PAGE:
Matt Smith and Milly Alcock on Daemon and Rhaenyra’s Ambiguous Relationship in House of the Dragon

House of the Dragon stars Matt Smith and Milly Alcock discuss the implications of Prince Daemon and Rhaenyra Targaryen’s first scene.

Rhaenyra Targaryen in House of the Dragon
Photo: HBO

This article contains House of the Dragon episode 1 spoilers.

One episode into House of the Dragon, and it’s clear the series is going to return to the ambiguity that made Game of Thrones so compelling—and at times more than a tad disturbing. Take for instance the first big scene between Matt Smith’s Prince Daemon Targaryen and Milly Alcock’s Princess Rhaenyra. Their relationship is that of uncle and niece; the king’s younger brother and his only daughter. But while neither character will verbalize it, they’re technically competitors—imperfect choices to be heir to King Viserys Targaryen (Paddy Considine) and the Iron Throne.

Still, when Rhaenyra excitedly runs to meet her favorite relative in the throne room, it is not rivals whom we see embrace beneath the Iron Throne’s shadow. And it doesn’t necessarily seem like an uncle and niece either as the two exchange High Valyrian teases—and then gifts while Daemon places a Valyrian steel necklace around the neck of his brother’s daughter.

The Targaryens are of course infamous for keeping it in the family. Aegon the Conqueror invaded Westeros alongside his two literal sister-wives Visenya and Rhaenys Targaryen; and in the original show, their descendants Daenerys Targaryen (Emilia Clarke) and Jon Snow (Kit Harington) were also aunt and nephew. So by design, the House of the Dragon scene raises questions about these new characters… and they’re questions that the actors who portray them don’t quite fully answer.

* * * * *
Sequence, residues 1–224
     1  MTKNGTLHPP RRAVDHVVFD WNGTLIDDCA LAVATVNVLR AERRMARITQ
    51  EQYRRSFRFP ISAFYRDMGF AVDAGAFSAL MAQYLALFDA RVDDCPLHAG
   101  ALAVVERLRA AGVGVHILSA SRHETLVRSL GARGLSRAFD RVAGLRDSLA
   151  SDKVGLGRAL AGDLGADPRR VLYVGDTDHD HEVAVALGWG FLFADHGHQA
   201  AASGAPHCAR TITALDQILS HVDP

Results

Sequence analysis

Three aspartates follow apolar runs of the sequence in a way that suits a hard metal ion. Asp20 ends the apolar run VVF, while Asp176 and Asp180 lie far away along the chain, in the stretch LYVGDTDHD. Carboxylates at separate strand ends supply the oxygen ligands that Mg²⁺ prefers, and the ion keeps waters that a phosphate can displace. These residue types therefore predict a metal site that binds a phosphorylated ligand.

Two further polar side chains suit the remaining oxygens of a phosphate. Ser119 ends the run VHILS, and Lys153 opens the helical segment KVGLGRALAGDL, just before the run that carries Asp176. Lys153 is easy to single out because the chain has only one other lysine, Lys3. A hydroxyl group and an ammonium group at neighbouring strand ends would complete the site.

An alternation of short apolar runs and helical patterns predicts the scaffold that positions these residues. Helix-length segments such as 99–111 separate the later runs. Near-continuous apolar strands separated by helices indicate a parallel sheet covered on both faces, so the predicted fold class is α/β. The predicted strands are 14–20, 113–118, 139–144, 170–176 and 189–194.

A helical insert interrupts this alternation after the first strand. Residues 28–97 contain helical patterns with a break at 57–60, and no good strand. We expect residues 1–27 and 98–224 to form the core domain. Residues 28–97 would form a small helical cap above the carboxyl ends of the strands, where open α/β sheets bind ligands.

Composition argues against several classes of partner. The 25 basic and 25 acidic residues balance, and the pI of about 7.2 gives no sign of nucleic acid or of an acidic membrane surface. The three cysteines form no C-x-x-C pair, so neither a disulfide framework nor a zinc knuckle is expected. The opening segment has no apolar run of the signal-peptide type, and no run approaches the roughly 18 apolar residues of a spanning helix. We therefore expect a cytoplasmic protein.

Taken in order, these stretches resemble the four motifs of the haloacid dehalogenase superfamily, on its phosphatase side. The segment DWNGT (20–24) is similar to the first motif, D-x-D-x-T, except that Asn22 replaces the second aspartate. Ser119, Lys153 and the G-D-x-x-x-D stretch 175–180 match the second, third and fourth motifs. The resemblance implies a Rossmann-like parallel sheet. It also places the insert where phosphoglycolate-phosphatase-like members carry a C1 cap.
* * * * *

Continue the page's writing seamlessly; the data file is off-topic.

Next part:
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When we chat with Smith, he at first gives a joking put-on of “you’ll have to watch the show, eh?” when we ask about the dynamic between Daemon and Rhaenyra. But on further examination, he concedes Daemon’s intentions may not be pure, but they are perhaps not as nefarious as Game of Thrones precedent suggests.

“Look, a lot of it is about his brother,” Smith says. “It’s just not about Rhaenyra. I think everything to do with Rhaenyra is related back to somehow getting the attention of his brother.”

Indeed, the relationship between Daemon and King Viserys is a complex one. The episode might end with Daemon being banished, but as Smith insists, “Everything is about his brother. I think [Daemon’s] deeply wounded, that’s where it all comes from.”

For the record, the venerable Considine also sees their brotherly relationship as one of love and dysfunction, telling us, “There’s a part of Daemon that just wants to be seen by Viserys, that just wants to be loved and acknowledged, and ultimately wants to be by his side and sit next to him. But he’s a liability and Viserys is always picking up the pieces when Daemon fucks up.”

No matter what though, there is still an unspoken degree of insidiousness with brother lashing out at brother through the child between them. And as the actor who plays that character, Milly Alcock acknowledges there might be an attraction there, manipulated or otherwise.